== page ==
Though the country of Papua New Guinea shares the Papua island with Indonesia on the Western half, the coffee from here is actually very distinct from the typical Indonesian bean—and the story of this nation is quite different as well. Let’s discover how Papua New Guinea coffee came to be and why it’s so different from much of the coffees from surrounding islands.
A History Of Papua Coffee
The area of Papua island now known as Papua New Guinea wasn’t colonized until 1885—nearly two centuries after islands not far to the West. The Germans established colonies in the North and the British had their own in the South.
These two powers mainly brought the Blue Mountain arabica plants from Jamaica, rather than using the robusta plants found all over Asia and the Pacific at this point. Commercial exports from farms around the coast took off in 1920’s.
When an Australian prospector in the 30’s discovered that the island’s interior was actually very fertile and populated (they previously thought it was too rugged for farming and uninhabited), coffee production expanded rapidly. By the 50’s, the Papua government had established relationships with the previously unknown inland tribes and were encouraging them to create family coffee “gardens”.
A Less Eventful History Isn’t Always A Bad Thing
Throughout the 60’s and 70’s, PNG’s coffee production thrived as new infrastructure around the island was established and old plantations were divided among the native population.
Unfortunately, due to falling or stagnant coffee prices since 2000, PNG’s coffee industry has found itself at an economic ceiling. It’s still a major export and a massive employer, but it’s not growing at the rate it was—and it doesn’t seem like that’s going to change anytime soon.
Compared to many other island nations nearby, PNG didn’t experience the same colonial intensity that led to poverty, starvation, and other forms of oppression. It also missed out on the coffee boom and rust bust of the late 1800’s that its neighbors endured.
It certainly had (and still has) a very complex geopolitical landscape with hundreds of native tribes that are occasionally at odds, but the country’s story since colonial times has been, thankfully, a little less bleak.
Papua New Guinea Coffee Growing Facts
The relative peace and lack of severe oppression in PNG doesn’t mean that the country hasn’t seen hard times—but the struggles have largely been internal. With over 800 languages spoken in the country by local tribes, it’s no wonder that there’s been a lot of conflict and struggle that’s caused ups and down within the coffee industry.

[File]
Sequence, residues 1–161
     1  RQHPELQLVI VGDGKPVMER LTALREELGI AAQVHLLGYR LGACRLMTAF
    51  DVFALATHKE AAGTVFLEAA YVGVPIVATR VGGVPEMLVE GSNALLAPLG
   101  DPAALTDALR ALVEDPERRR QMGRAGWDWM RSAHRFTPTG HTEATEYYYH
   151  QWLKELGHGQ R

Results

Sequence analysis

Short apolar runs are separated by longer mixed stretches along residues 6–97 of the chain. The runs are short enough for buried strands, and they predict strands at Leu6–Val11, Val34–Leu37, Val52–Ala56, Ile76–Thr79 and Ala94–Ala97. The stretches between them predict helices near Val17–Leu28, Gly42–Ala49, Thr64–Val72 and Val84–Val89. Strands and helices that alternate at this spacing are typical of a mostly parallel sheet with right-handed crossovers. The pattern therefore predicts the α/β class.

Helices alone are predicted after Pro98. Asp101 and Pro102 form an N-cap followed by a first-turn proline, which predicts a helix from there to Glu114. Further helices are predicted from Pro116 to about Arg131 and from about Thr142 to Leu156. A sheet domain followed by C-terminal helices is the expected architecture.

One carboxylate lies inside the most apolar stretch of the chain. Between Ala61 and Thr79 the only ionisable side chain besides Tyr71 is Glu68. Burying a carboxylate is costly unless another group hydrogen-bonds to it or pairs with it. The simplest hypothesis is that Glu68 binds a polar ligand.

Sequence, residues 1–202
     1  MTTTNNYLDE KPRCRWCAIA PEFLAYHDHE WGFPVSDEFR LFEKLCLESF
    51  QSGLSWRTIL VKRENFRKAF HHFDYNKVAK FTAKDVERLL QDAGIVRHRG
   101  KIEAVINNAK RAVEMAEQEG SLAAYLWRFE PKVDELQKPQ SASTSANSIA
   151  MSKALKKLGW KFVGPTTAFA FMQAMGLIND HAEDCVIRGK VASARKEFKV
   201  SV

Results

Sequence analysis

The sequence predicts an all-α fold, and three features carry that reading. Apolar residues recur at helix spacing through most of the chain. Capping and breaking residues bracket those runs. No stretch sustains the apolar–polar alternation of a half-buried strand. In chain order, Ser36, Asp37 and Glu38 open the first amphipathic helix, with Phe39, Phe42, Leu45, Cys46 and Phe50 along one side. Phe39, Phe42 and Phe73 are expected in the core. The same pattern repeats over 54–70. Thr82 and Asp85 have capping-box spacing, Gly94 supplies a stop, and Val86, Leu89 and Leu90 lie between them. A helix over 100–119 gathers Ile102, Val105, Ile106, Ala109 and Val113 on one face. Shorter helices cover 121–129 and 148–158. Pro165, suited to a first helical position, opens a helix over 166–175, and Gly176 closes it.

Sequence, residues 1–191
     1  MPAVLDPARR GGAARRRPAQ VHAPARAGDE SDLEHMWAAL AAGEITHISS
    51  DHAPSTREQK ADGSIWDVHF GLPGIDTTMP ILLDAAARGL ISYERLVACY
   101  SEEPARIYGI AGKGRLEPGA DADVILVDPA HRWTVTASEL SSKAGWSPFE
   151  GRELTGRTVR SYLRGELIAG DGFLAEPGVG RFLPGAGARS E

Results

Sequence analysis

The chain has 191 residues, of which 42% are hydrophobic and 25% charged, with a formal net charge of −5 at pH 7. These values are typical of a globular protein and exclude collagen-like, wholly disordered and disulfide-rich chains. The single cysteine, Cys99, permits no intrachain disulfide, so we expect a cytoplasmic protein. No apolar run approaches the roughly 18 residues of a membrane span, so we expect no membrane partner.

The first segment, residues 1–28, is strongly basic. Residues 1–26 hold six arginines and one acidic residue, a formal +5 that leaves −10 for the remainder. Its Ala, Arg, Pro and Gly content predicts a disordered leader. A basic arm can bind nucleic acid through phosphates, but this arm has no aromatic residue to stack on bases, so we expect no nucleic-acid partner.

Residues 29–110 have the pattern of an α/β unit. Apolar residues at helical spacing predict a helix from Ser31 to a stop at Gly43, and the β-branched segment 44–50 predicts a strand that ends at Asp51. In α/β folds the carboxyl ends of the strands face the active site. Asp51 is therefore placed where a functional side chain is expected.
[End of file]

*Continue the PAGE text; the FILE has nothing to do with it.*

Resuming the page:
95% of coffee producers are small-holders with only a couple hectares of coffee farm, and most of these small family gardens also have other crops like bananas, papaya, and legumes alongside the coffee.
As time goes on, some of PNG’s infrastructure has begun to collapse, making the movement of coffee more difficult and expensive for small farmers. Only 10% of the population has access to the internet and only 55% have telephones.
There is a small upside though: this lack of connectivity has also caused PNG coffee to be naturally grown without pesticides or other agro-chemicals, so there’s quite a bit of Certified Organic coffee from the country—though almost all coffee is grown organically even if it’s not certified.
Because of these internal challenges, PNG only produces 1% of the world’s coffee. And yet, it’s an income generator for a massive 40% of the country’s population.
Coffee’s not just important culturally—it’s an economic driver, but unfortunately, one that’s not growing like it should. The plateaued price for coffee beans since 2000 has really stunted the industry’s ability to grow, which is something we can see happening all over the world.
What Does PNG Coffee Taste Like?
Like we said earlier, coffee from Papua New Guinea is pretty different from the areas around it. The typical flavor profile is quite distinct from the earthy and spicy flavors of beans found just a few islands to the West.
The Papua island’s stunningly fertile soil tends to produce beans that have a crisp citrus acidity and are rich with flavors of chocolate and tropical fruits.
Papua New Guinea Coffee At A Glance
- Flavor: Chocolate, tropical fruit, citrus
- Processing: Washed
- Main Growing Regions: Chivu, Eastern Highlands, Western Highlands
- Harvest: April to September
Discover the smooth body and fruitiness of this fertile nation’s coffee via our incredible PNG Garana single origin coffee. With a crisp acidity and fruity and nutty flavors, it’s one we just can’t seem to get enough of.